Concluding Statement to IAEA Ministerial Conference on Nuclear Safety
Mr. President, Ladies and Gentlemen,
This IAEA Ministerial Conference on Nuclear Safety has achieved its main goal, which was to pave the way for an enhanced post-Fukushima global nuclear safety framework.
The result, in the words of the Ministerial Declaration agreed by you on Monday, will be a strengthening of nuclear safety, emergency preparedness, and radiation protection of people and the environment worldwide.
I am grateful to all of you for your active participation and for the constructive spirit seen throughout the week's deliberations.
The Ministerial Declaration outlines a number of measures to improve nuclear safety and expresses the firm commitment of IAEA Member States to ensure that these measures are actually implemented.
Collectively, our Member States have expressed their sense of urgency, as well as their determination that the lessons of Fukushima Daiichi will be learned and that the appropriate action will be taken.
I am grateful to you, Mr. President, and to the Chairs of the three Working Groups, for steering the Conference to its constructive conclusions. I also thank the keynote speakers, panellists and all participants for their valuable contributions. We have seen differences of opinion in some areas, which is entirely natural, but I am struck by how much broad agreement there has been on the fundamentals.
I am particularly encouraged by the fact that the proposals I made in my opening statement on Monday enjoyed widespread support.
As you may recall, these were:
- to strengthen IAEA Safety Standards;
- to systematically review the safety of all nuclear power plants, including by expanding the IAEA's programme of expert peer reviews;
- to enhance the effectiveness of national nuclear regulatory bodies and ensure their independence;
- to strengthen the global emergency preparedness and response system; and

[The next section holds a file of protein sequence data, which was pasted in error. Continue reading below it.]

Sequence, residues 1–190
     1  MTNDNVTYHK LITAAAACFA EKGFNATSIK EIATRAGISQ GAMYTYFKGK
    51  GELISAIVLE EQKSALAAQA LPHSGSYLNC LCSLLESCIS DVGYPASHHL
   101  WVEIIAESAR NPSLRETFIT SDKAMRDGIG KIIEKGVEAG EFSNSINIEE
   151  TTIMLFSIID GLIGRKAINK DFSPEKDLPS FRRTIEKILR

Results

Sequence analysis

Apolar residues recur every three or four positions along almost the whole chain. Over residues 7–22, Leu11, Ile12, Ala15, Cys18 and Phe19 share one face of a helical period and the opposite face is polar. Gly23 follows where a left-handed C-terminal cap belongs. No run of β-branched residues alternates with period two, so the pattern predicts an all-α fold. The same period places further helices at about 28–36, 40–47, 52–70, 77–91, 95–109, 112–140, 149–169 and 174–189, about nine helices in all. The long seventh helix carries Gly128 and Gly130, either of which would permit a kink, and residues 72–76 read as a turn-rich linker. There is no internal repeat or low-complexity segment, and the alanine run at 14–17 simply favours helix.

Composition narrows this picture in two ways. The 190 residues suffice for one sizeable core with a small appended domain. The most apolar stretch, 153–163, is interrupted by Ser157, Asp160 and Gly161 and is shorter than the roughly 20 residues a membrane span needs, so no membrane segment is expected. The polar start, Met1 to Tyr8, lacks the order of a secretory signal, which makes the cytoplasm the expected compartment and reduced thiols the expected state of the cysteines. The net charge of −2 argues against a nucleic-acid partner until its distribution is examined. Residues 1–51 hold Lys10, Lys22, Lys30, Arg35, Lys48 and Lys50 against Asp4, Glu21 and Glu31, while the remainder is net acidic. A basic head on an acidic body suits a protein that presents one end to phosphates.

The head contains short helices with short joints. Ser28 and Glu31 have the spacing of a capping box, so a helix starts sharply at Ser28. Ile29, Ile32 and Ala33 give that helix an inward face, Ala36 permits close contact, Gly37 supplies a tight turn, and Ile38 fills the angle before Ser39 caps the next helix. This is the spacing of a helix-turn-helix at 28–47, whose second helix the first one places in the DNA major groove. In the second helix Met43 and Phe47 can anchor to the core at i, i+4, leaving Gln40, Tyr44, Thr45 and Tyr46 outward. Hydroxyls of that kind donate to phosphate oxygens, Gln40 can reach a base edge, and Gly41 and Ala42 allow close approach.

- to expand the Agency's role in receiving and disseminating information.
This is not about process - it is about results. The Declaration agreed here this week must be translated into action - and it will be. This will require hard work from all Member States, and from the IAEA, in the years ahead.
This week's deliberations will give me valuable guidance as I prepare the Action Plan on the way ahead, which will be submitted to the IAEA Board of Governors and General Conference in September. Important meetings on nuclear safety are already planned in the next 18 months.
The primary goal is to make nuclear power plants as safe as humanly possible, as quickly as possible. But it is also important to rebuild long-term public confidence in the safety of nuclear power. For that, tangible outcomes are needed, and we must maintain our sense of urgency. We must also be fully transparent.
I have been in touch with the Commission on Safety Standards to suggest that it begin reviewing IAEA standards on the basis of the views expressed by Member States this week. Likewise, I am inviting the INES Advisory Committee to consider ways of making the International Nuclear and Radiological Event Scale more effective as a communication and information tool.
We will also press ahead with detailed proposals in other areas for which we have direct responsibility, such as implementing an expanded programme of expert peer reviews.
Mr. President, Ladies and Gentlemen,
I would like to conclude by thanking you once again for making this Ministerial Conference a success, for your support for the work of the IAEA and for your guidance.
I am confident that, as a result of your work here this week, measurable and lasting improvements will be made in the safety of all nuclear power plants throughout the world.